The U.S. economy falls into a recession, a global financial crisis ensues, triggering a slowdown in global growth, then an outright global recession. Almost on cue, companies begin to scrap guidance -- or their quarterly and full-year outlook for revenue, earnings and other metrics -- and the debate on the merits of guidance begins.
Is guidance superfluous, an unneeded metric on an already overloaded financial landscape? Or is the elimination of guidance another step into opaqueness and a lack of transparency -- just an extension of the clouded climate that's in part responsible for the financial crisis in the first place?
Economist Peter Dawson is against quarterly guidance, but supports full-year guidance. Quarterly guidance, Dawson argues, "has encouraged a short-term mentality in corporate operations" -- one that's not conducive to longer-term planning, and ultimately, sustainable growth.
"Quarterly guidance, and the quarterly reporting system it supports, tells executives to think short-term, that only short-term metrics count. We've seen what this has led to . . . a lot of quick-hit operations, short-term tactics that don't benefit a company long-term, and even gimmickry, to get the quarterly numbers higher, to the detriment of long-term value," Dawson said. "We can't eliminate quarterly reporting, but the end of quarterly guidance would be a step away from short-term thinking and toward long-term planning, and that would be a positive step, in my view."
Ideally, Dawson said, the United States should move toward the European model of semi-annual, to encourage long-term planning that places a premium on an division's or project's value to a company over years. But he recognizes that reporting system is not likely to appear in the U.S. anytime soon.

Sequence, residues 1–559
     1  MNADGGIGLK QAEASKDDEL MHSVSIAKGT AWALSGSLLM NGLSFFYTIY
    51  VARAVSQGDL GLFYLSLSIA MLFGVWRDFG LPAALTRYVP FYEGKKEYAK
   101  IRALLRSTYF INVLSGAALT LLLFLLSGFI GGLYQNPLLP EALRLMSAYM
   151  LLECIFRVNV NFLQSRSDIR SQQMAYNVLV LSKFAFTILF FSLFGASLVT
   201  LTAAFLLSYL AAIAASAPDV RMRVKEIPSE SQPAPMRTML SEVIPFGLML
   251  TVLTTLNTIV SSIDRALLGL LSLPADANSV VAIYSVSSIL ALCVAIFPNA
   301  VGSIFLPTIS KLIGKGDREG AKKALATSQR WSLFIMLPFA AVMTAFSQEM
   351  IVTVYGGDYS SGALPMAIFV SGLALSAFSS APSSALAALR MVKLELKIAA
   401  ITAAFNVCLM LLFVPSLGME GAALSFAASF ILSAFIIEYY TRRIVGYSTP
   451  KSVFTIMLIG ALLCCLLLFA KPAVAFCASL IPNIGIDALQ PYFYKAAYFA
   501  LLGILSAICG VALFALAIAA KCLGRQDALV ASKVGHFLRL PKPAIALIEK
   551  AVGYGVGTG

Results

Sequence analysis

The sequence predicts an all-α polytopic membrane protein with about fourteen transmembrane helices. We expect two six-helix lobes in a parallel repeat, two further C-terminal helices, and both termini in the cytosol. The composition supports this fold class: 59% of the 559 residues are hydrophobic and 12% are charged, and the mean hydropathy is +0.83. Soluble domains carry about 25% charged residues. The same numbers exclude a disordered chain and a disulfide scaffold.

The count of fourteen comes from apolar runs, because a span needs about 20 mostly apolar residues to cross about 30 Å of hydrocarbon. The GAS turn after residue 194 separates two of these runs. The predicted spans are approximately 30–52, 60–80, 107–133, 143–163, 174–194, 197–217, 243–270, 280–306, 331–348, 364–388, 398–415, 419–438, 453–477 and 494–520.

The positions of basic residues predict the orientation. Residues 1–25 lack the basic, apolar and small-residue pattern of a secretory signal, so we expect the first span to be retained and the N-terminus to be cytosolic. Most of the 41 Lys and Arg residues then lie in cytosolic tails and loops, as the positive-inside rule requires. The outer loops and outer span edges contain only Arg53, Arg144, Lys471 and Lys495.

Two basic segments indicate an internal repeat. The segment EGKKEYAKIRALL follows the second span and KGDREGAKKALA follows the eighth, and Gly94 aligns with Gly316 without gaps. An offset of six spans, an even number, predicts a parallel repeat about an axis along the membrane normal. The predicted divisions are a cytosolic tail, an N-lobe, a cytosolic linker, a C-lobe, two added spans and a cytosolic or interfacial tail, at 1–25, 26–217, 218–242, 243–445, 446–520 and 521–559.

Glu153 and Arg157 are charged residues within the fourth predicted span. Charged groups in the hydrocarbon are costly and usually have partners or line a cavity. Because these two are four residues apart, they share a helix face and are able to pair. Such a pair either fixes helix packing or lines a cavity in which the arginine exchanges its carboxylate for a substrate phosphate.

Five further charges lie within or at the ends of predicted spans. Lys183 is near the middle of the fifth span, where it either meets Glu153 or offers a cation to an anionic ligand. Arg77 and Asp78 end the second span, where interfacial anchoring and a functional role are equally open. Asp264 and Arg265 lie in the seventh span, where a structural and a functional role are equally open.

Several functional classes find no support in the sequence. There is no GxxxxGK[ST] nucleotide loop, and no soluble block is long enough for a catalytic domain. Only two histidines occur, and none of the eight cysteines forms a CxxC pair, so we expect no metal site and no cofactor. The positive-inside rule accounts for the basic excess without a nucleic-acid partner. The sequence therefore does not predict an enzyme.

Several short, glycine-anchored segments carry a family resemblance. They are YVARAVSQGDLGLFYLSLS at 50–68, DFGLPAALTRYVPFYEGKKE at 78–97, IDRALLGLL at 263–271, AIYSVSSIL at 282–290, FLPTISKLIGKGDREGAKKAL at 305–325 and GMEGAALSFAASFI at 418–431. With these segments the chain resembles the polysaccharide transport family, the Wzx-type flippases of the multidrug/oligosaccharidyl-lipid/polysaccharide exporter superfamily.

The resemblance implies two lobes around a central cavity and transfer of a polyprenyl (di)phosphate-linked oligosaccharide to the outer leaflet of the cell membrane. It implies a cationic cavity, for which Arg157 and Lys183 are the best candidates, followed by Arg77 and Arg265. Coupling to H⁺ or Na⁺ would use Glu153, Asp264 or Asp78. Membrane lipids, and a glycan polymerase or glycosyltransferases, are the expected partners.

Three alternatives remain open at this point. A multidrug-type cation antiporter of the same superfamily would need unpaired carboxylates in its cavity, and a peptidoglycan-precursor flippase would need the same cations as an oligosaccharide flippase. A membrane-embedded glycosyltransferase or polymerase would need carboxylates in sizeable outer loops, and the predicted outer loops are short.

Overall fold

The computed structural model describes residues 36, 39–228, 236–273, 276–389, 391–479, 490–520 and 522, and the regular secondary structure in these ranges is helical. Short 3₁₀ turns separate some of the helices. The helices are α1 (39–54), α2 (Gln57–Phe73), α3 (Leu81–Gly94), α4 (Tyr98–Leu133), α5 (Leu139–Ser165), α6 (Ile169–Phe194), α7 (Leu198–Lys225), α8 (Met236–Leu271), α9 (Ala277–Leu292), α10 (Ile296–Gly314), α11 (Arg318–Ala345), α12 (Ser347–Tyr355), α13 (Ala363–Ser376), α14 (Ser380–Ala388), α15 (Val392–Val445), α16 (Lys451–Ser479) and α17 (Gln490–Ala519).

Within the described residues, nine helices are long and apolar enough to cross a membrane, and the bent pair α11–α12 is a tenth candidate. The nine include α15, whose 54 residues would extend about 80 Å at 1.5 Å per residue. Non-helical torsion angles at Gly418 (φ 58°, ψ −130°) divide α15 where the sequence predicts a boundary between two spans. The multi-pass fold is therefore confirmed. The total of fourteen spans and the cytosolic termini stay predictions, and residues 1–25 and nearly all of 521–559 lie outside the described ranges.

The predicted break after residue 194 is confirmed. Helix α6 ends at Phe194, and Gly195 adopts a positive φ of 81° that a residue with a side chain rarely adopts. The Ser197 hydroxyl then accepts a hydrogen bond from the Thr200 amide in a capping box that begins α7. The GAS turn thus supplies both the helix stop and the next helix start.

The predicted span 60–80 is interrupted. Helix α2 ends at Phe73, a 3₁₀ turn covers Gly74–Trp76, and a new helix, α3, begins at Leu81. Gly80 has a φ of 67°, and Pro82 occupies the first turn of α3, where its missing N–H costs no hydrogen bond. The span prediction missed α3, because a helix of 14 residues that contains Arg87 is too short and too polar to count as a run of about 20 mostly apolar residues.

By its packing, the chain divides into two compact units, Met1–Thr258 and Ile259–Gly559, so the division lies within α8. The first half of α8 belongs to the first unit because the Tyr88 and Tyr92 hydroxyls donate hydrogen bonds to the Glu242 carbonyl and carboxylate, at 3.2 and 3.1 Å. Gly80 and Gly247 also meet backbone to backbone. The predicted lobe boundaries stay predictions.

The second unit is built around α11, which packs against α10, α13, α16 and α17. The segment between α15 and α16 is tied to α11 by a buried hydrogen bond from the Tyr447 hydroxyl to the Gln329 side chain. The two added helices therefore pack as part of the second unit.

Guidance ingrained in the system?
Economist David H. Wang disagrees, arguing that guidance is both a key metric, and like it or not, it's ingrained in the U.S. financial system.
"Some ratings agencies may disagree, but in my view a company's discontinuance of quarterly guidance is management's statement that they lack confidence in their operation, in their outlook in the quarters ahead," Wang said. "And the fact that companies are eliminating guidance during a recession, when times are bad, is all the more telling. If they view guidance as so destructive or unnecessary, why didn't they eliminate it during the economic boom?"
Guidance, Wang argued, "often tells investors and traders more about a company's operations than the quarterly and yearly results they report."
"Frequently, guidance has more impact on investors and traders than the quarterly report," Wang said. "If Company XYZ meets the consensus quarterly earnings estimate of 25 cents per share, but it lowers its earnings guidance for the next quarter to 10 cents from earlier guidance of 20 cents per share, the company is saying they expect a slowdown ahead, and investors should be warned about that possibility."
Further, thousands of trading decisions, institutional and otherwise, are driven by quarterly guidance, Wang said. "The American economic system is much more granular than Europe's, and like it or not, this is viewed as being a more efficient system," he said. "The U.S. could eliminate both quarterly guidance and then quarterly reporting, and move to a half-year system, but that would imply changes that would go against the business culture, so I don't see that occurring any time soon."
Summary: To be sure, when one adds bank, boutique, think tank, and association data, there's no shortage of metrics and data analysis in the American financial and economic systems. That said, quarterly guidance is a key, future-oriented estimate: guidance says a lot about where companies think their operations are headed.
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